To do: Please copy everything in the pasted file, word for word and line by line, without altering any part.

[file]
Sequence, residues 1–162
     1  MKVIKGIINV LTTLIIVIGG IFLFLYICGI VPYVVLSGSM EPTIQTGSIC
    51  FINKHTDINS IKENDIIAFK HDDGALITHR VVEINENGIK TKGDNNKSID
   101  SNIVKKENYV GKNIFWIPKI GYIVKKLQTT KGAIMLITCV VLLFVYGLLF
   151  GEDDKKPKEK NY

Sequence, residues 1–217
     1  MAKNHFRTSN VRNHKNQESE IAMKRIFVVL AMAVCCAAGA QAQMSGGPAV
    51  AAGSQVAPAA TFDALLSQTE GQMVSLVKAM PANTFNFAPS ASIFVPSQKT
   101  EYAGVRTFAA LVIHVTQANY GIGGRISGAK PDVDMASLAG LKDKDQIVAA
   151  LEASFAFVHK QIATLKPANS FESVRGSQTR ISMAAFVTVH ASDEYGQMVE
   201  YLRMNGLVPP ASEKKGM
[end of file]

Sequence, residues 1–162
     1  MKVIKGIINV LTTLIIVIGG IFLFLYICGI VPYVVLSGSM EPTIQTGSIC
    51  FINKHTDINS IKENDIIAFK HDDGALITHR VVEINENGIK TKGDNNKSID
   101  SNIVKKENYV GKNIFWIPKI GYIVKKLQTT KGAIMLITCV VLLFVYGLLF
   151  GEDDKKPKEK NY

Sequence, residues 1–217
     1  MAKNHFRTSN VRNHKNQESE IAMKRIFVVL AMAVCCAAGA QAQMSGGPAV
    51  AAGSQVAPAA TFDALLSQTE GQMVSLVKAM PANTFNFAPS ASIFVPSQKT
   101  EYAGVRTFAA LVIHVTQANY GIGGRISGAK PDVDMASLAG LKDKDQIVAA
   151  LEASFAFVHK QIATLKPANS FESVRGSQTR ISMAAFVTVH ASDEYGQMVE
   201  YLRMNGLVPP ASEKKGM